The creative practice serves the overall facilitation process by proposing a shared goal. It is the ‘whatness,’ the reason that groups come together, the something that is collaboratively created. Usually I (as well as many artists, I would think) consider this to be the primary focus of creative process. I am intrigued, however, by my choice to place it last in a series of three focal realms. Perhaps the ‘whatness’ of the project is not so much in my mind while I am brainstorming methods. Or perhaps I am feeling less concerned about the art that is produced and more concerned about the relational process. I am interested in holding space for vagueness around the ‘whatness,’ at least in the beginnings of the process. I am interested in allowing the concepts, mediums, representations, portrayals, etc. (and the specific methods that relate to each) to emerge from within the process, rather than starting with a specific goal or product in mind. Yet, even with the accepted initial vagueness, starting together with creative practice in action is important. Here are some methods I have imagined as entries into collaborative creative practice: leading shared improvisational scores through Zoom that everyone responds to in their own space; creating small groups in Marco Polo or WhatsApp to send video and/or voice recordings of creative responses to prompts; practicing being seen by each other—using breakout rooms for one on one practice of being witnessed while improvising; guided location specific walks, journeys, or improvisation scores that people can do on their own time, knowing that others have engaged with the same practice in the same place; meeting at outdoor locations for in-person, socially-distanced, improvisational practice.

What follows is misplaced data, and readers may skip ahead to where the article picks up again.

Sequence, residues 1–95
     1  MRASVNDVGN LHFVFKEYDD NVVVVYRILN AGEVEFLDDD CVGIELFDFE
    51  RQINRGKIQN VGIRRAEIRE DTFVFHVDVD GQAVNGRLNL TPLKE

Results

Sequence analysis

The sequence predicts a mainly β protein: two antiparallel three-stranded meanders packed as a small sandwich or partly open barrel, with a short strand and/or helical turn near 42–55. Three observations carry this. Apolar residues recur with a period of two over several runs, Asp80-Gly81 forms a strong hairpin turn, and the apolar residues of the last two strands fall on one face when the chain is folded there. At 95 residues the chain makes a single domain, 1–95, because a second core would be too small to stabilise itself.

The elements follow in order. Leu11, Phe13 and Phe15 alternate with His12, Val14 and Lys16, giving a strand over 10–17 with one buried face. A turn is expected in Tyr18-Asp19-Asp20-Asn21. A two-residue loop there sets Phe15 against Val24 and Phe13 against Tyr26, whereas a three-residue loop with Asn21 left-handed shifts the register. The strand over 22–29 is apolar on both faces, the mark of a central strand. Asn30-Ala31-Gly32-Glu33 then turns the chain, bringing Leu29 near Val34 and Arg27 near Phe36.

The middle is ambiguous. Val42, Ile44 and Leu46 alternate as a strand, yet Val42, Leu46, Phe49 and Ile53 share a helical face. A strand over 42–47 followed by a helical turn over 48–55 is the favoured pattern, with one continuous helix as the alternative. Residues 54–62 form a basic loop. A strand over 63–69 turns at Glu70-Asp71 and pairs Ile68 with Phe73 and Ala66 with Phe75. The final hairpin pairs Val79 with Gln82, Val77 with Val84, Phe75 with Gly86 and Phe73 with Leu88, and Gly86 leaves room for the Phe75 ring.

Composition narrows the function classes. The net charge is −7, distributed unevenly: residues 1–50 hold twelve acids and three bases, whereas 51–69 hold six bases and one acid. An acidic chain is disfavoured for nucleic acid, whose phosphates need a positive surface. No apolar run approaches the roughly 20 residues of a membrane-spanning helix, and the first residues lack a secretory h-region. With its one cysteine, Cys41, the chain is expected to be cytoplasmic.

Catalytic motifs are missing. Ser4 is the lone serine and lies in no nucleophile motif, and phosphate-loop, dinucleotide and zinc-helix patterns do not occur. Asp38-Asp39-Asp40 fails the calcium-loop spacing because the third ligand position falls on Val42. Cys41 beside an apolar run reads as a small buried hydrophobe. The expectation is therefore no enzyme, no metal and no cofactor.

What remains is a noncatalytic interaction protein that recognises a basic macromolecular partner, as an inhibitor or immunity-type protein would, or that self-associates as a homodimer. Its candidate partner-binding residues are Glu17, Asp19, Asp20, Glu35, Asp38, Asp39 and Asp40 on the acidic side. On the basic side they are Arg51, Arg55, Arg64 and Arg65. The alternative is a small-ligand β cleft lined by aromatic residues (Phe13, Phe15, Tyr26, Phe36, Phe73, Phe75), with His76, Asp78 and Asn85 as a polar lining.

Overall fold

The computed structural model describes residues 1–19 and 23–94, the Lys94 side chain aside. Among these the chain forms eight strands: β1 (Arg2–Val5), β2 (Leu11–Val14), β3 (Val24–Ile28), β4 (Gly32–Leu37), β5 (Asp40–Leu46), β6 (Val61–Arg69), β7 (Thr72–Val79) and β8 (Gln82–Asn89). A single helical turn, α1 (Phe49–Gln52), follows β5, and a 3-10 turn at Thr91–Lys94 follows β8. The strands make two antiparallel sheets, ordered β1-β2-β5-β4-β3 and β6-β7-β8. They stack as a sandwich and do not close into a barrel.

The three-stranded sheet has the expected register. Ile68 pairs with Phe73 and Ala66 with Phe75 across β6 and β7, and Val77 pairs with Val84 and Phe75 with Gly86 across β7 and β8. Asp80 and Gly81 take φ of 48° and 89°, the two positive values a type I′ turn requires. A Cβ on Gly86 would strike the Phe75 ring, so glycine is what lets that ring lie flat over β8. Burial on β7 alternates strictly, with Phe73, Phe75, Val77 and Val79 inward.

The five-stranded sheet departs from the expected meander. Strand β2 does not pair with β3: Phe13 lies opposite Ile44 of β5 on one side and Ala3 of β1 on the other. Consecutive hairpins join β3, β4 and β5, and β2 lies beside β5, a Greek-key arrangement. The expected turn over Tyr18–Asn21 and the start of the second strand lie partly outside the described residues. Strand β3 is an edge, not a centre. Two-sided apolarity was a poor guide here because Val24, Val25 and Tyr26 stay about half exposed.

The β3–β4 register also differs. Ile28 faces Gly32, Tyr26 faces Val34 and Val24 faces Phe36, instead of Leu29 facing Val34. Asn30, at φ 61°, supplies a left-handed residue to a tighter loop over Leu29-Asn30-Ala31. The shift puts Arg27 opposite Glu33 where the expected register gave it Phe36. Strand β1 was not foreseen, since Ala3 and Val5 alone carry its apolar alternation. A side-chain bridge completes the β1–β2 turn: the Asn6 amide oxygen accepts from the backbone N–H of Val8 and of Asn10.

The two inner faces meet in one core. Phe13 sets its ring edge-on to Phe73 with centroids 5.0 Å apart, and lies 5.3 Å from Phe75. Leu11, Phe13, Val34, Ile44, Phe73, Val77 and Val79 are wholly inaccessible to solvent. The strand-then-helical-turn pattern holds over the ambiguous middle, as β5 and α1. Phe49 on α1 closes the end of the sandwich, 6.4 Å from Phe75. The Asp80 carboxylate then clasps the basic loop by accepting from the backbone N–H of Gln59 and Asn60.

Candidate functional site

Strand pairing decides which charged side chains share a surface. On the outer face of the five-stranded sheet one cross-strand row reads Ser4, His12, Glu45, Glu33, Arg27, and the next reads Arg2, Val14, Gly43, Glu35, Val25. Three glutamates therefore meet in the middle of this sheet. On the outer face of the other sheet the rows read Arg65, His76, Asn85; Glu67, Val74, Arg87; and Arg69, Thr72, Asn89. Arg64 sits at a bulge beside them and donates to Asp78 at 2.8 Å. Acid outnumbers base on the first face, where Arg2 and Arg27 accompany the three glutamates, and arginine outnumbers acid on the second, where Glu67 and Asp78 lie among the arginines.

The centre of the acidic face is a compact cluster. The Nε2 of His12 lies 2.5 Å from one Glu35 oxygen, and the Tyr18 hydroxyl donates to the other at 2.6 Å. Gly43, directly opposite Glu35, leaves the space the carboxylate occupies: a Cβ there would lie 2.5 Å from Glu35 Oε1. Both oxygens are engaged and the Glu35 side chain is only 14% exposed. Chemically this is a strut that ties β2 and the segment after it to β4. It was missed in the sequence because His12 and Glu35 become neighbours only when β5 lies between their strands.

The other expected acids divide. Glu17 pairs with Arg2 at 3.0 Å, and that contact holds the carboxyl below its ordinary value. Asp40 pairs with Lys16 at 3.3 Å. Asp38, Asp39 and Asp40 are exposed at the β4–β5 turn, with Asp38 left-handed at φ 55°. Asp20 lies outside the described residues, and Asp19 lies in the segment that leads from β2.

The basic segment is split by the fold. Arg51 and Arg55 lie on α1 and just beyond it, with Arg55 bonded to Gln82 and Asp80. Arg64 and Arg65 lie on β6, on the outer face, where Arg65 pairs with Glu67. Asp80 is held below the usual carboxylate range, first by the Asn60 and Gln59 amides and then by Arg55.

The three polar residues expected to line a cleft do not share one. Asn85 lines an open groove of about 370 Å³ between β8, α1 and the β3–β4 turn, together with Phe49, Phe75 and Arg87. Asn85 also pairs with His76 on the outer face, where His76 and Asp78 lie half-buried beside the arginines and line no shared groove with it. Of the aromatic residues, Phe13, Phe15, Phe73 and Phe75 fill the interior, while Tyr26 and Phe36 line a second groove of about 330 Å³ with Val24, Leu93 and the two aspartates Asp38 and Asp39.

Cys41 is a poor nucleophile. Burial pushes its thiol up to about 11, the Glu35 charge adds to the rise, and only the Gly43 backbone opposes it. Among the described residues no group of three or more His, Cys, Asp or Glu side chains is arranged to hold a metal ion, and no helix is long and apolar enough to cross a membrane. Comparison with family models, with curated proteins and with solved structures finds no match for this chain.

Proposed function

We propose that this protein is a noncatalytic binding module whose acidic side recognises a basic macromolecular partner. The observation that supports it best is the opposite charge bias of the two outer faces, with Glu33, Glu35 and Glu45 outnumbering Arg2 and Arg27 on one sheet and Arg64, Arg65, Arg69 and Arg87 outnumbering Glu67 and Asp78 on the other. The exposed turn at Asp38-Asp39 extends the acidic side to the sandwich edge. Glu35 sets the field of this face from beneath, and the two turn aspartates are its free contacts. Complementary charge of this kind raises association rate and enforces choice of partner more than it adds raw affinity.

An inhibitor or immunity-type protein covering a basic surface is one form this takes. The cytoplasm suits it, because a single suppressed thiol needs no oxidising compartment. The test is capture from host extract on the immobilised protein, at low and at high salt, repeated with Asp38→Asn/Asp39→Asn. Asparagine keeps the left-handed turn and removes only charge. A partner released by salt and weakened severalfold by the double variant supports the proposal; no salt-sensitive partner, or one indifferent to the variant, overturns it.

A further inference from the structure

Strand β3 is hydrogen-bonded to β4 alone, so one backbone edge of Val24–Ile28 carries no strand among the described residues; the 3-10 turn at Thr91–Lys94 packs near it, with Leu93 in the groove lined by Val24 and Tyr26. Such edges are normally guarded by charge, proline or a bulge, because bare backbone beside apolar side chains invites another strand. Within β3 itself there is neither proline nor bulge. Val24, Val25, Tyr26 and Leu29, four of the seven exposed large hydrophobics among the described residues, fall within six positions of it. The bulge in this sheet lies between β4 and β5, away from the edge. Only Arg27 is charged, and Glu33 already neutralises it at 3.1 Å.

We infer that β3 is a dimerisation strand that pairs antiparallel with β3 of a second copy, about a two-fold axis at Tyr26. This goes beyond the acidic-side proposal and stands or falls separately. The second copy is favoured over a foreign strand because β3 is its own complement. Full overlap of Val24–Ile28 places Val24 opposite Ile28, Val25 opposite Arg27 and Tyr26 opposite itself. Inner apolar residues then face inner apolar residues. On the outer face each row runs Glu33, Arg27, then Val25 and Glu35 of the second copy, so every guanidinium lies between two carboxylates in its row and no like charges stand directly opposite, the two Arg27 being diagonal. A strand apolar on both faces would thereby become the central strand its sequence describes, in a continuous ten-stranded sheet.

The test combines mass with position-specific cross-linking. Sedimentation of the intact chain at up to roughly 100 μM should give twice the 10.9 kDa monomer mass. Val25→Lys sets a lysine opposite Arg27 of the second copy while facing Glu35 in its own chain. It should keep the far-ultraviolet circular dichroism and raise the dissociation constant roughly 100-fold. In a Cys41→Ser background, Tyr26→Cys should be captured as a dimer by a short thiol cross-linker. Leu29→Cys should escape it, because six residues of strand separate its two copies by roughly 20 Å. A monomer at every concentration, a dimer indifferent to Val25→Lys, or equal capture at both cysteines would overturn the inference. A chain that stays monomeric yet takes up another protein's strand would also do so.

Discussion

Through out my life, my continued interest in dance-making has been sustained by the potential for creative process to cultivate networks of deep connections and intimate working relationships. While I am invigorated by the physicality of dancing and stimulated by the intellect of dance scholarship, it is the relational support of the dance community that motivates my continued investment in dance-making. It is no wonder then, that for the first six months of quarantine, I experienced the separation required for safe social distancing as impossible circumstances within which to sustain a dance practice. In retrospect now, I am able to see that imagined impossibility as resistance to change, as a common first step in the adjustment process. I am now feeling excited to engage with new methods that respond proactively to our circumstances, and eager to be in a collaborative group setting through which I am sure more methods will emerge. I am animated by the idea that our current limited mobility is providing an opportunity to intentionally reframe and transform approaches to and methods within collaborative, creative process.
*By no means am I intending to compare the limited mobility required by social distancing to the ways that regimes of power have employed violence to limit the mobility, and therefore livelihood of entire populations of people. The collaborative effort to stay home and away from others in order to save lives has little similarity to the forced enclosure, separation, and threat of violence to which many people across the world are subjected regularly.